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You think you've seen darkness?
Taking its inspiration from the famous story of the same name, and created by the man who gave us the classic platform adventure Another World, this is a top notch experience that should be played by anyone who simply likes good games. The story is a bit bonkers, and bears certain similarities to another classic platform series, Commander Keen, and finds Andy and his dog Whiskey caught up in an epic adventure in the land of darkness. After Whiskey is captured, Andy jumps into his home made spaceship and heads to the Darklands, where he will stop at nothing to get his best friend back. What follows is a 2D platformer which mixes intense action sequences where you take out hordes of dark creatures with puzzling and classic run 'n' jump sections. Andy has a variety of weapons at his disposal, but failure is met with one of several surprisingly gruesome death scenes, so don't make the mistake of assuming that because of its cute looks, that this is just for kids. Heart of Darkness really is quite the unexpected delight. The story is familiar stuff but is very well told, with some nicely directed cut scenes that have a healthy does of humor. The visuals are quite lovely too, with some cracking level and character design that just leaps off the screen. The mix of gameplay styles adds much in the way of appeal, and there's a great sense of never quite knowing what to expect next, with challenging puzzles, exciting combat and platforming which requires some nifty timing and reflexes. All in all, this makes for a very entertaining time, for younger and older gamers alike.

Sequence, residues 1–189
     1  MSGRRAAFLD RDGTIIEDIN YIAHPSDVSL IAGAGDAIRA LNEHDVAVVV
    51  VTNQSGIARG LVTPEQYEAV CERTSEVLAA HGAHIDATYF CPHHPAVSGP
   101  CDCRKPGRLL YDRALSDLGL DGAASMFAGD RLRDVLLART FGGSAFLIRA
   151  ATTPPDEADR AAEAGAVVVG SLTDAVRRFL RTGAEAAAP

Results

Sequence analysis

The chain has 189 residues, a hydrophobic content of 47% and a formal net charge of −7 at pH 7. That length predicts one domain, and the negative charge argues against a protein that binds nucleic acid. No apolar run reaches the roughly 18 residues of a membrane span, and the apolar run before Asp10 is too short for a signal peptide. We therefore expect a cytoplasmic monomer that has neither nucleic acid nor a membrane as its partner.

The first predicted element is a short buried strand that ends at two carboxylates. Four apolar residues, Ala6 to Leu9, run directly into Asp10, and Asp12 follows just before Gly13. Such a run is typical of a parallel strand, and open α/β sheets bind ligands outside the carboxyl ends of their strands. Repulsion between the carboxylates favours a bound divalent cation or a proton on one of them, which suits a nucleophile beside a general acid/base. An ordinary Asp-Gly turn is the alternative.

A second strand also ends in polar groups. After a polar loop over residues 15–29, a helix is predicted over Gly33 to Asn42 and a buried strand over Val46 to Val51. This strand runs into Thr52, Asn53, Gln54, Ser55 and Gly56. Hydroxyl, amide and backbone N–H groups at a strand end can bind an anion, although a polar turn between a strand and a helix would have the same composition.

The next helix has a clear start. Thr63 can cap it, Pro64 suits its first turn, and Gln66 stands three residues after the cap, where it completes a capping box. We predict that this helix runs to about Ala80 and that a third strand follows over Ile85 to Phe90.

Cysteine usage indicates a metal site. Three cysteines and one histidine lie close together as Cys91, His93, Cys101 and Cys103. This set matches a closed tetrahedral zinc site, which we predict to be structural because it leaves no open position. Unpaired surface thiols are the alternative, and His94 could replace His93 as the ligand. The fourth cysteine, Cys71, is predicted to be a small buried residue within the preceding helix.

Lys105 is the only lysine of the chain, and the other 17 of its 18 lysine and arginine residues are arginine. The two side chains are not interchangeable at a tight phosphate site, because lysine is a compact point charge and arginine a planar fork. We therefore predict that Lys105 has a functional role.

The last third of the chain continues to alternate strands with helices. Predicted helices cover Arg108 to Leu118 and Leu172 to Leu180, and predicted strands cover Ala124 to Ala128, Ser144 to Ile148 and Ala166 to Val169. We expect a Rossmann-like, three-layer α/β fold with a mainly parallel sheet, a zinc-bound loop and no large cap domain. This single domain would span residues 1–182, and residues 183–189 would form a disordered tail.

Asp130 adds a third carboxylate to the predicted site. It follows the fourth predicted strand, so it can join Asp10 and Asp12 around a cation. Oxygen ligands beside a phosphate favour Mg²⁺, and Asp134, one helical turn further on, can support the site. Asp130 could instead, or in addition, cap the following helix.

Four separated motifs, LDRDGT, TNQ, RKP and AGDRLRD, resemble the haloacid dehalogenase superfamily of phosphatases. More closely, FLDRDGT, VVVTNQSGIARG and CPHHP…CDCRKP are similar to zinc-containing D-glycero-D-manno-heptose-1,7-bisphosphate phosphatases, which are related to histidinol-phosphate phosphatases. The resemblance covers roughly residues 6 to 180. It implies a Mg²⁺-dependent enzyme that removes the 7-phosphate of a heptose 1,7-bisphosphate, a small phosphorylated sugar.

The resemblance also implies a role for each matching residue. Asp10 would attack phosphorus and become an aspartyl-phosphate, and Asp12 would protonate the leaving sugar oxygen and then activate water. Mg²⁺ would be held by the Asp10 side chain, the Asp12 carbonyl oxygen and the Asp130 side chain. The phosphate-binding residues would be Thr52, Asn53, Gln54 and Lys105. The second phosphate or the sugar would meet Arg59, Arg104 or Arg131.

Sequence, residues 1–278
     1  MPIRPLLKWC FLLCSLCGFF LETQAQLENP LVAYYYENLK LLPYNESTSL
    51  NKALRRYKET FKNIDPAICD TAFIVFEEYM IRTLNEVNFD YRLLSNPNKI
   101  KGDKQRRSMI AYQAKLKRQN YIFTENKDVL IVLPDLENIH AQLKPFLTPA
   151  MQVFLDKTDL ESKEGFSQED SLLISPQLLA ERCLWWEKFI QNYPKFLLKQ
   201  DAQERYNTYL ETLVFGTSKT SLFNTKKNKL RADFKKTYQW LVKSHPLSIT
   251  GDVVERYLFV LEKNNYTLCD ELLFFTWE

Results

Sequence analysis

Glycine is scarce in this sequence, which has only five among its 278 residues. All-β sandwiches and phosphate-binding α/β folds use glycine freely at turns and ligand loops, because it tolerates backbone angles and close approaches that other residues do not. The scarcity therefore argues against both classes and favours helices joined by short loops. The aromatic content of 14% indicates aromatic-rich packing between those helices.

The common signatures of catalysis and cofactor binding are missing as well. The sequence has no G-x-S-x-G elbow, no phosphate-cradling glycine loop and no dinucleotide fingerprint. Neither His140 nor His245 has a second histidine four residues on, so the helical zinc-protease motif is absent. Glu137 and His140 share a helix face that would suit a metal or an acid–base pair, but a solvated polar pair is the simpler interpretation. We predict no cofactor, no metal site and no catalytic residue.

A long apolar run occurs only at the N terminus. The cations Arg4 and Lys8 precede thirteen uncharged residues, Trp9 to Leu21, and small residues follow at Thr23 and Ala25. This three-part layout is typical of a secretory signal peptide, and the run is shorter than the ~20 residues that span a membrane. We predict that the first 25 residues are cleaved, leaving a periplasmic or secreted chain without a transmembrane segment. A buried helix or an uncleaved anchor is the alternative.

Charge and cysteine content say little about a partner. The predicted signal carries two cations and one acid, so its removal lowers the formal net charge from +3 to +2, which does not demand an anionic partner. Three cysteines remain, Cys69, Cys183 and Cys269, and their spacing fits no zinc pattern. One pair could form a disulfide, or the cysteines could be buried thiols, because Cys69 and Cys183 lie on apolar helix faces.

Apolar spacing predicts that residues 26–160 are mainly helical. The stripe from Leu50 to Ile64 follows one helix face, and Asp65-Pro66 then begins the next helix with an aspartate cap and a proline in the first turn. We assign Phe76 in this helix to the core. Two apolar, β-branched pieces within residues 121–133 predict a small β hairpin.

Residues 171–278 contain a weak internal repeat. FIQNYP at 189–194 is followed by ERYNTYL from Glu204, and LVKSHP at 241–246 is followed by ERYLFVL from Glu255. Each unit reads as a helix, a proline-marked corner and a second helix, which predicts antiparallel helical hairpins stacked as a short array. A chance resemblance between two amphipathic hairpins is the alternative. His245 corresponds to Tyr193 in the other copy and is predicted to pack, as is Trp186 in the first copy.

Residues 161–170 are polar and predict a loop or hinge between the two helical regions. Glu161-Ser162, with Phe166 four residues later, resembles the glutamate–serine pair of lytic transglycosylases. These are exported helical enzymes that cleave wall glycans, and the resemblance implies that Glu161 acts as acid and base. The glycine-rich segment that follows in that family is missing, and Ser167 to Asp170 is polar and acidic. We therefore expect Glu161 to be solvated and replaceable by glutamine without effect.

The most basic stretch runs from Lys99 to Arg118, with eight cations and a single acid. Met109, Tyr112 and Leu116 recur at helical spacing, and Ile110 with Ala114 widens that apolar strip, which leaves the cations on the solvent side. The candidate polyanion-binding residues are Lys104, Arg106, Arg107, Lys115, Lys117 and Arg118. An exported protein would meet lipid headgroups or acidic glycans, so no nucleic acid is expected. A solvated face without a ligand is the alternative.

A strange but beautiful platforming adventure
Platforming game Heart of Darkness is a pretty interesting take on the genre. It's a bit on the difficult side, but mostly because it is one of those rather adventure like platformers, like Out of This World where every other encounter is its own little minigame, scripted specifically for that one encounter, you know, instead of just being a set piece in a universe that is full of these set pieces. I don't know how clear I am, but I'll try to explain it again: the game requires that you learn what you need to do at certain places in the game; just jumping, running and gunning is not an option, you will need to learn what the game wants from you before you can progress any further. Graphically it's a better than average game, though the stiffness of some of the puzzles will make these beautiful landscapes feel like they don't matter, like they're not part of the game, due to the limited amounts of interactivity. But, well, if you like a challenge Heart of Darkness offers a lot of that. So, yeah, if you loved Out of This World, or the similar sidescroller (though actually an adventure game) Another World you will feel right at home within HoD.